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Tyler Hays, originally a painter and sculptor, is creating beautiful furniture and designs in Philadelphia for his company BDDW. He shares it with the world in his New York showroom. Robin and I visited many years back and have been inspired by it ever since (not to mention the archery league parties that BDDW hosts with handcrafted bows and arrows that we got invited to crash last year). Tyler’s work is stunning - the scale, the details, the wood, the joinery! - but equally impressive is his steadfast focus and belief in finding a way to do business to support making the things he loves. 

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Another interesting fact: Tyler’s a soon-to-be ceramicist with a new studio in the works. We of course love to hear that. More on that project (as well as general stores, vacations and haircuts) below.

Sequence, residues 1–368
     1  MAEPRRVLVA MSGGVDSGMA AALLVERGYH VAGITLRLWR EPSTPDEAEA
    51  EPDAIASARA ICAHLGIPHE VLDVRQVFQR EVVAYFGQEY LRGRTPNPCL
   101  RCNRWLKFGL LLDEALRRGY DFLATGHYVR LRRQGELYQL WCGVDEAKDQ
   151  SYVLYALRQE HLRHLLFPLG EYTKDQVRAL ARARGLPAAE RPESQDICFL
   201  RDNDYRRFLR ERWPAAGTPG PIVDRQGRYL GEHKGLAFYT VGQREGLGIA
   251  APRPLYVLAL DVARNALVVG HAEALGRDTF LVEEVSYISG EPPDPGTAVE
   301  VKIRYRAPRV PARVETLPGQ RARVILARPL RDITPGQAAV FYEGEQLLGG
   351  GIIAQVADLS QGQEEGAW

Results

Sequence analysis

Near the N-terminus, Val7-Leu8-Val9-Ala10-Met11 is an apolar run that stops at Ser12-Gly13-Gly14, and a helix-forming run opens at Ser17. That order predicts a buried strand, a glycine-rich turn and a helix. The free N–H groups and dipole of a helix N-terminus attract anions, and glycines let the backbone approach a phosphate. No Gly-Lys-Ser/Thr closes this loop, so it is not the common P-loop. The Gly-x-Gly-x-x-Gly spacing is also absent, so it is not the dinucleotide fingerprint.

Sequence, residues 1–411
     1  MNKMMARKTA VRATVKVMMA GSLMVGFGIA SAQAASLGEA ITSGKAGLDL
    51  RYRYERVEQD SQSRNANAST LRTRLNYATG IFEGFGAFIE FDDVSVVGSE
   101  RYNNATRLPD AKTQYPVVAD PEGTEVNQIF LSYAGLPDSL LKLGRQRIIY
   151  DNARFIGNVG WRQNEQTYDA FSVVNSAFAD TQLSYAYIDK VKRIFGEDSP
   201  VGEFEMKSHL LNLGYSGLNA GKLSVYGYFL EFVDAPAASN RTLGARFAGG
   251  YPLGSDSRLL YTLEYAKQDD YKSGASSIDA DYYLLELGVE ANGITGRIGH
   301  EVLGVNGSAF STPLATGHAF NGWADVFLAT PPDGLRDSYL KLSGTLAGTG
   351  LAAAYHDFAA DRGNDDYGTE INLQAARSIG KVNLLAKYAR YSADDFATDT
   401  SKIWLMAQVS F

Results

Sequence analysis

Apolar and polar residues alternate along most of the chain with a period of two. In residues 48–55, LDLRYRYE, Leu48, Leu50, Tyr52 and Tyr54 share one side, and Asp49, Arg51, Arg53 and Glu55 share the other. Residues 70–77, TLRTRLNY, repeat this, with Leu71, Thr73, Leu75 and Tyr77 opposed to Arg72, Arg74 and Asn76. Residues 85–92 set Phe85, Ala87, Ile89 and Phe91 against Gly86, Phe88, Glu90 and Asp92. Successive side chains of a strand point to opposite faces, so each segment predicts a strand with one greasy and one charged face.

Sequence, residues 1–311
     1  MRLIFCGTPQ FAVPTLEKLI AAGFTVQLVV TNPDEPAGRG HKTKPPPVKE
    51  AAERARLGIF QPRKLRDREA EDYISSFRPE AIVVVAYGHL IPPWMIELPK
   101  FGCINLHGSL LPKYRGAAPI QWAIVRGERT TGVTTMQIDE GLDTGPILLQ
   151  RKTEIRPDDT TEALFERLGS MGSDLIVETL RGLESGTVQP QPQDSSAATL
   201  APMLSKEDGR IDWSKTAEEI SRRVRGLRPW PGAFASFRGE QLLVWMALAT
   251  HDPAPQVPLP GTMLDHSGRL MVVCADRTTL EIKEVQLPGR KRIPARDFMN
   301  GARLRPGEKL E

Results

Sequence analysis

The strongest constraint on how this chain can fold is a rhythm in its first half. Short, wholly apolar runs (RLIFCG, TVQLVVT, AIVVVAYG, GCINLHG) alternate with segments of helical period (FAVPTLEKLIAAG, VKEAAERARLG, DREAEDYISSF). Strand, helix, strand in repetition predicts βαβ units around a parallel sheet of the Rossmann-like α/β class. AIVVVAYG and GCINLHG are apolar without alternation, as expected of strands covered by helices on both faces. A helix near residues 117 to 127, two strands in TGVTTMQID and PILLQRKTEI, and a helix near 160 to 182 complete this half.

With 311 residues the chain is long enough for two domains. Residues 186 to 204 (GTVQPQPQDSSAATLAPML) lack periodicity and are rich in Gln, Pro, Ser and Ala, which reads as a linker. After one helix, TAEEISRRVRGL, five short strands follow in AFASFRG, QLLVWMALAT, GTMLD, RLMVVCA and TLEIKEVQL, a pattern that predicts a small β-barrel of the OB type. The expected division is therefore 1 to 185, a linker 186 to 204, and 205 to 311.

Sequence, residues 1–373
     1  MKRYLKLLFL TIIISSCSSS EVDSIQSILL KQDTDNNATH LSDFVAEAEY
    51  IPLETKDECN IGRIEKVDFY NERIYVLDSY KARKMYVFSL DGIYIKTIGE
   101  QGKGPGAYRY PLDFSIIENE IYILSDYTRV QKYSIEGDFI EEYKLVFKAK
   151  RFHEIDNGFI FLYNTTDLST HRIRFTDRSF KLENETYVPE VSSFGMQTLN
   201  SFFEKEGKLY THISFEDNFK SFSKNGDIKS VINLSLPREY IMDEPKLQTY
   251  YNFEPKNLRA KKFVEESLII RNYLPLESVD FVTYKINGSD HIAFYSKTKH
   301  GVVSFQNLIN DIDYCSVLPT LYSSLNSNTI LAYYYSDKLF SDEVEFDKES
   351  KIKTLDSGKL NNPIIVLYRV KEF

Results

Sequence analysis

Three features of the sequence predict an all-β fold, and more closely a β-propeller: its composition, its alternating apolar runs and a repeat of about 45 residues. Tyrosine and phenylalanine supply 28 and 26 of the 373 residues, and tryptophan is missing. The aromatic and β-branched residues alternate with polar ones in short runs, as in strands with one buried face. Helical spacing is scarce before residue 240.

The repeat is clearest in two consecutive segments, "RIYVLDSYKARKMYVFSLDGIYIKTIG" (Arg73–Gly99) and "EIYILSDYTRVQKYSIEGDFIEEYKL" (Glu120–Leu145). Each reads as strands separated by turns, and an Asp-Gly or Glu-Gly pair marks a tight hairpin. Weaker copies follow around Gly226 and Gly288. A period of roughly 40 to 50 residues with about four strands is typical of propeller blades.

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Pin Pals: Liz Oppenheim

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Liz Oppenheim is more than a local San Francisco jeweler—she’s our friend and neighbor, making jewelry right here in a studio above our tile factory. Her pieces are strikingly different than a lot of work we’re used to seeing, and we were happy to learn her general aesthetic was similarly unique when we discovered her Pinterest board. Helping us celebrate 10 years of Heath, Liz joins us on a shared Pinterest board this week giving us a peek into her inspirations.

Tell us about your work.

I make organic jewelry in gold and silver using a Japanese hand-sculpting technique that imparts a finely grooved texture to the pieces. I create the masters out of a wax called mitsuro, a combination of beeswax and pine resin.

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What inspires you? Do you have any go-to places, activities, or objects that get your thoughts flowing?

I draw most of my inspiration from the natural world, on both a micro and macro scale. I’m fascinated by the patterns and textures that emerge in the growth of plants, the movement of water and sand, and the accumulation of sediment.